Trust brings in segways to attract more visitors

Tom Ash, left, and Tim Chadwick demonstrate the Newhailes segways
Tom Ash, left, and Tim Chadwick demonstrate the Newhailes segways
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MOST tours involve strolling around an area or attraction at a leisurely pace with a guide leading the way.

But visitors to a Lothians heritage site have, for the first time, been given a chance to explore their surroundings in an entirely different way – while riding a segway.

Dozens of people were taking part in “segway tours” at Newhailes in East Lothian over the weekend, with participants following an instructor around a designated route before being given some time to enjoy the battery-operated segways at their own pace.

The move is part of a wider push by the National Trust for Scotland to attract more visitors and try out different activities at its property in 

A spokeswoman for the National Trust for Scotland said: “The house at Newhailes is well known for its exquisite interiors.

“The land surrounding the house is also a heritage treasure, and these tours will give people a chance to experience it in a totally new way. We want to encourage more people to get involved, explore and support the heritage that’s on their doorstep. This is a gentle alternative to having a stroll round the grounds.

“We think Newhailes is the first heritage site in Scotland to take part in tours like this, although it’s hard to be 100 per cent certain.”

The one-hour tours are being run by Rotherham-based Segway Events, with more planned for another two weekends later this year.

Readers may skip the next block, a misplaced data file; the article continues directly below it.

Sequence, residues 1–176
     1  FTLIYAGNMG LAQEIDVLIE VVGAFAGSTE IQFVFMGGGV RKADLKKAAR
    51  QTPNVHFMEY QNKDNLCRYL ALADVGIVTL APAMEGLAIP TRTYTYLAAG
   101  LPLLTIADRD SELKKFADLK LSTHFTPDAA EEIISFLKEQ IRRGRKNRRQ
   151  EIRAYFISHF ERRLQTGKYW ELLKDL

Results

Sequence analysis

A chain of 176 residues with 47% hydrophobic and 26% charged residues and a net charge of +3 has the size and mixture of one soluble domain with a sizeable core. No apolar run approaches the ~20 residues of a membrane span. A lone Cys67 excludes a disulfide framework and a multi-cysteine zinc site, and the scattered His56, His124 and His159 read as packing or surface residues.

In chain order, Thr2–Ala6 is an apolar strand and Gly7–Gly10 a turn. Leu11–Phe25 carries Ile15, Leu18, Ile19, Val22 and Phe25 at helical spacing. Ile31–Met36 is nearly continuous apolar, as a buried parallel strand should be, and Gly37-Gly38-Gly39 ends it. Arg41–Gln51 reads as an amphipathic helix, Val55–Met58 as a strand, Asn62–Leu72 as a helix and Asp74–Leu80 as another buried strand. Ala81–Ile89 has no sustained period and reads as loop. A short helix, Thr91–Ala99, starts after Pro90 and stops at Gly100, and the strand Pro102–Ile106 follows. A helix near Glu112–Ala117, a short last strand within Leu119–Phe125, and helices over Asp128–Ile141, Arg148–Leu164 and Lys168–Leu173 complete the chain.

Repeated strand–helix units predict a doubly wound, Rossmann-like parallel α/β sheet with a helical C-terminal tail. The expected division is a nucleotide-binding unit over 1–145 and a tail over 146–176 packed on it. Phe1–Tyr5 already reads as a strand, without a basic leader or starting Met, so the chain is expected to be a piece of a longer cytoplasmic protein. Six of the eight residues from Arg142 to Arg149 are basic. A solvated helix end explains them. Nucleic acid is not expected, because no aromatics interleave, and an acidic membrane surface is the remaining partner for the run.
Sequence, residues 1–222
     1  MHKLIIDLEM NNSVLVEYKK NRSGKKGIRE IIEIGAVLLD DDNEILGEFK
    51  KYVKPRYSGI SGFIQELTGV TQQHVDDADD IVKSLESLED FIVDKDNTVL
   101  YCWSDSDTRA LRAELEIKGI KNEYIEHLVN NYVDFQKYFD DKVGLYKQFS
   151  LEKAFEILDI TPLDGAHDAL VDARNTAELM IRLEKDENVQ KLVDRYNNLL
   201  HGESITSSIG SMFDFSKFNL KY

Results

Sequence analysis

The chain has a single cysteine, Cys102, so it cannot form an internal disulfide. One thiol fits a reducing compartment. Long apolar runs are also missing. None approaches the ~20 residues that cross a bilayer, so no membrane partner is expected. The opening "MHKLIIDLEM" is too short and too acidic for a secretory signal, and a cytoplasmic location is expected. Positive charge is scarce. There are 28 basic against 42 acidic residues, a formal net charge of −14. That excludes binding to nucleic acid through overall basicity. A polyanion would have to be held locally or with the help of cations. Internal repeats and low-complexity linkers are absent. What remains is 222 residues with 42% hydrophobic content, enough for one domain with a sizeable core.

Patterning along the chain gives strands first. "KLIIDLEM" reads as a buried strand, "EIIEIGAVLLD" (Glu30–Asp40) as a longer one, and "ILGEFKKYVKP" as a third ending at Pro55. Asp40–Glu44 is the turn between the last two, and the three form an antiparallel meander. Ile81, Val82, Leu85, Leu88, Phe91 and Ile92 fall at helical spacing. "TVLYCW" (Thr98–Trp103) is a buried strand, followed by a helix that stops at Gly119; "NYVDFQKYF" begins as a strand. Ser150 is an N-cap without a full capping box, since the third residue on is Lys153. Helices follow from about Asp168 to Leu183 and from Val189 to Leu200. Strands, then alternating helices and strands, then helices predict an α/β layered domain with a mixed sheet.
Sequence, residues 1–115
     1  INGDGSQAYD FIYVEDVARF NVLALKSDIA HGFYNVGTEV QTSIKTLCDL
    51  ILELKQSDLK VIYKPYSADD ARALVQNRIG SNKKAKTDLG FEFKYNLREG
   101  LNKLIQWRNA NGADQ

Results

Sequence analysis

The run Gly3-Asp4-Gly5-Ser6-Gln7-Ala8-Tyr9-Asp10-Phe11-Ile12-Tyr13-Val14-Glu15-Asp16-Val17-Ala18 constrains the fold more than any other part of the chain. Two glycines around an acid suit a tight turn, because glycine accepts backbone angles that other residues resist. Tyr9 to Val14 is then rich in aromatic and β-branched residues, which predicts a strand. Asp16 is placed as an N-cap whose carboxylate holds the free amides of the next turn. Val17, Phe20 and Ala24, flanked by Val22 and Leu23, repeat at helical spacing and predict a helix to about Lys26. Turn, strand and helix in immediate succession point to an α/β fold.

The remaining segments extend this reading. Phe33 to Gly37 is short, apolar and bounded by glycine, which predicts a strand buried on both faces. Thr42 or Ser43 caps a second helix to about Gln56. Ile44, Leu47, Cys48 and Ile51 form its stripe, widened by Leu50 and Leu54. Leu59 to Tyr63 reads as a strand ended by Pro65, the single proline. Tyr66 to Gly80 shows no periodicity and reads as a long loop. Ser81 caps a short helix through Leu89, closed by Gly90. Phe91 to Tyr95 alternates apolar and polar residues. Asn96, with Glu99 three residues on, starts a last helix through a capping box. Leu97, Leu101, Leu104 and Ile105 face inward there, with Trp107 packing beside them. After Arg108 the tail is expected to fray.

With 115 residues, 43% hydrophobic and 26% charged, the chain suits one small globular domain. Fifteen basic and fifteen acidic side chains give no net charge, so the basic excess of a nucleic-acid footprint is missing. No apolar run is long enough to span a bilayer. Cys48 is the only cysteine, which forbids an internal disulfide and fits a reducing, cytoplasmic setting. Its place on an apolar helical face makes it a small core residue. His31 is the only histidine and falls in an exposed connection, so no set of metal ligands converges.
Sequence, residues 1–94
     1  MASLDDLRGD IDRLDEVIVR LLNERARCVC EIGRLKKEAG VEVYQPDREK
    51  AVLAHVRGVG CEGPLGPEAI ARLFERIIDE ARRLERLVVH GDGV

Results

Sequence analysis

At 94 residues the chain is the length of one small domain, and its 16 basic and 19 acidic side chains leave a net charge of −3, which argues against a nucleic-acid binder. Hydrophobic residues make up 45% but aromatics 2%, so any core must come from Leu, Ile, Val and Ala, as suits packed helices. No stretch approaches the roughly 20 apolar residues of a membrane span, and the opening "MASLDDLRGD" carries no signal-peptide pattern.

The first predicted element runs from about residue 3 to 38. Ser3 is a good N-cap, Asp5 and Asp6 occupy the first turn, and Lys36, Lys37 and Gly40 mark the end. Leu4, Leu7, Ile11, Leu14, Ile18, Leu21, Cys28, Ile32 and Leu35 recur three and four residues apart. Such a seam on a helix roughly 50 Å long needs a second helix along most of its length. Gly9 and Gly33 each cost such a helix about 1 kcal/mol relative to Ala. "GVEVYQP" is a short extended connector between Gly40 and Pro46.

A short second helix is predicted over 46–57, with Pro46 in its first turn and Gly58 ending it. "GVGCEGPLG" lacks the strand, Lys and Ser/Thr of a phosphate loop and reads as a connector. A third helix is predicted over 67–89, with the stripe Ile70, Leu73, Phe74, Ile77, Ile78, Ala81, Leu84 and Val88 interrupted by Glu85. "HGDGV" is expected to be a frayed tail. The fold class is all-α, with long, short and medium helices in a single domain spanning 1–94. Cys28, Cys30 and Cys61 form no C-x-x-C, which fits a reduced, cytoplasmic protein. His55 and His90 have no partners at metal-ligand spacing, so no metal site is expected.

Managing director of Segway Events, John Snape, said he hopes to make the segway tours, or “rallies” as he called them, a permanent feature at Newhailes and plans to expand the rally area, which is currently around a quarter of a mile long and allows the segway riders to explore Lodge Park at the estate.

Mr Snape said: “I want to create a longer route around Newhailes eventually. 
This is a tester event to see how it goes. Eventually I want to have a full course up there.

“It is a family activity and something completely different. It’s the newest thing on the market and everyone should have a go.

“It is a great experience and there’s nothing else like it.”

Participants will be provided with safety gear – a helmet, wrist guards and knee protectors – before receiving five to ten minutes of one-to-one training from an instructor and then completing around half a dozen laps of the semi-circular route, which takes in some of the woodland walk areas surrounding the 17th-century house.

Following the hourly sessions, which cost £39, National Trust for Scotland staff will be on hand to explain more about the site and encourage the participants to view the house.

There will be eight segways available, which can reach speeds of up to 13mph.

Segway tours will also take place at Newhailes from August 11 to 13, and September 1 to 3.

Participants must be over ten years of age, at least 134cm tall and weigh a minimum of 7.1 stone.

Places are still available – to book, visit {http://| |}.

A wheely good invention

SEGWAYS are two-wheeled electric vehicles designed to travel conveniently in towns and cities.

The motorised scooter uses gyroscopes to remain upright and is controlled by the direction in which the rider leans.

Riders lean backwards, forwards and to the left and right using a thin handlebar attached to a pole.

The self-balancing device was designed by Dean Kamen, an American entrepreneur and inventor, and was unveiled in 2001 before being mass produced in 2002.